Machines, minds and computers
Machines, minds and computers

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Machines, minds and computers

1.1.2 What was being built? Or imagined?

The chess-playing automata were simple frauds – as their makers well knew. The idea was to mimic intelligent life, though the audience may have been willing to believe they were in the presence of a machine that was genuinely reasoning. On the other hand, mythical creations such as the Golem were imagined as being indisputably living things, capable of independent action and of real personality. Between these two extremes there is much less certainty. Clearly, Vaucanson's Duck was only an imitation of a real duck; but with its intricate internal mechanisms, did it in some way approach reality? Would ever more complex mechanisms at some point result in a creature very like a real duck? Vaucanson himself believed he was imitating life. Descartes (of whom more later) believed that animal behaviour could be explained in purely mechanical terms. Could building a truly living creature some day be a possibility?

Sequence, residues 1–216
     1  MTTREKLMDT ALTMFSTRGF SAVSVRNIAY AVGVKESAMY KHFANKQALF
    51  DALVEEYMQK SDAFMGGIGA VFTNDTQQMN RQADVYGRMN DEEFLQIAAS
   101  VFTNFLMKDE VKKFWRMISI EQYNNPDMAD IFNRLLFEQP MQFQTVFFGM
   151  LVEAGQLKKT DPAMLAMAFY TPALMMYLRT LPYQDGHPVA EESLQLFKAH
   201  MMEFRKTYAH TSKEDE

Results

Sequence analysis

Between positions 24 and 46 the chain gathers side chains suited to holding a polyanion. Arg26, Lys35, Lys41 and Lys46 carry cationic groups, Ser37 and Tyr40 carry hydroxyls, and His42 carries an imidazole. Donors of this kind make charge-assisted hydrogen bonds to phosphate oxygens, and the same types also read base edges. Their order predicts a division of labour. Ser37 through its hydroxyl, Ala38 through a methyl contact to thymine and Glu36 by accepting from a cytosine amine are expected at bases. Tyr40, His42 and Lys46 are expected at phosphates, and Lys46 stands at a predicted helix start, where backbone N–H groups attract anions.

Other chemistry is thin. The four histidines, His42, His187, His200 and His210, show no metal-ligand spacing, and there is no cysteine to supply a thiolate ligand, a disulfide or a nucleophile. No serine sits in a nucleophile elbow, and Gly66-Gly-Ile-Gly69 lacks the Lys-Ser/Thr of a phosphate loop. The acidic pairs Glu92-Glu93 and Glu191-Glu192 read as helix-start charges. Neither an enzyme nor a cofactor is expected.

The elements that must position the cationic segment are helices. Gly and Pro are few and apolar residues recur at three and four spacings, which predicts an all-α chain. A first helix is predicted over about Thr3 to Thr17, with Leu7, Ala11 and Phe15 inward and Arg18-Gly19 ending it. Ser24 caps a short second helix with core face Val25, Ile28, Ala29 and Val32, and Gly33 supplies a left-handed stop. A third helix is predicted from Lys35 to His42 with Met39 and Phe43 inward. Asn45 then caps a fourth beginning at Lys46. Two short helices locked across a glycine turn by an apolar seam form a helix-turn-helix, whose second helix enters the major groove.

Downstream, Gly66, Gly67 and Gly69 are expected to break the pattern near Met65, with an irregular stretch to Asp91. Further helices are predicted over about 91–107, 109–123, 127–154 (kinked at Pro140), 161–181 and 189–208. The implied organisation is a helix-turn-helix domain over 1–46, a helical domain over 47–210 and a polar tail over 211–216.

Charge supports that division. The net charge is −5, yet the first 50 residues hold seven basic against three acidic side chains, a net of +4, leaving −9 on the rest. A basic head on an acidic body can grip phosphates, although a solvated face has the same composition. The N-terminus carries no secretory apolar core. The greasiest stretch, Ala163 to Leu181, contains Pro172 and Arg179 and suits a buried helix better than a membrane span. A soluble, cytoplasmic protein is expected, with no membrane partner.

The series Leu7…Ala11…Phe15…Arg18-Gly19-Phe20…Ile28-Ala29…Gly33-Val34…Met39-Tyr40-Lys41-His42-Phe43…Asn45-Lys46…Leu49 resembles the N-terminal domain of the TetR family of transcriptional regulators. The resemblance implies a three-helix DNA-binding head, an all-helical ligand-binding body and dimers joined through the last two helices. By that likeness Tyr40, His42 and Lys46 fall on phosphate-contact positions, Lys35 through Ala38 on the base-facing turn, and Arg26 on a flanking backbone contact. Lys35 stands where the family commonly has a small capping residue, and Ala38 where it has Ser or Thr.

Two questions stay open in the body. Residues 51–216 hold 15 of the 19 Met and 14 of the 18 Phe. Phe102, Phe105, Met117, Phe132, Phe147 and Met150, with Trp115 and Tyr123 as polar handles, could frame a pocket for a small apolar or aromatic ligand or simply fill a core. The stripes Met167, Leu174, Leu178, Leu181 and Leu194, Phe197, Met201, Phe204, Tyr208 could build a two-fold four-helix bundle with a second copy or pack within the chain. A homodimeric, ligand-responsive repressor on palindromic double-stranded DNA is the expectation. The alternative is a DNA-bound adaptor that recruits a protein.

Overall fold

The crucial distinction here is between an original (a real duck) and an imitation or simulacrum of a duck. We can define a simulacrum as '... something having merely the form or appearance of a certain thing, without possessing its substance or proper qualities' (Oxford English Dictionary). So Vaucanson's Duck, according to this definition, is obviously a simulacrum. But could a perfect simulacrum ever be the reality? If it walks (exactly) like a duck and quacks (exactly) like a duck, could we ever claim it's a (real) duck? This distinction is not mere pedantry: it has been at the centre of many debates about artificial intelligence and will come up again in this course.


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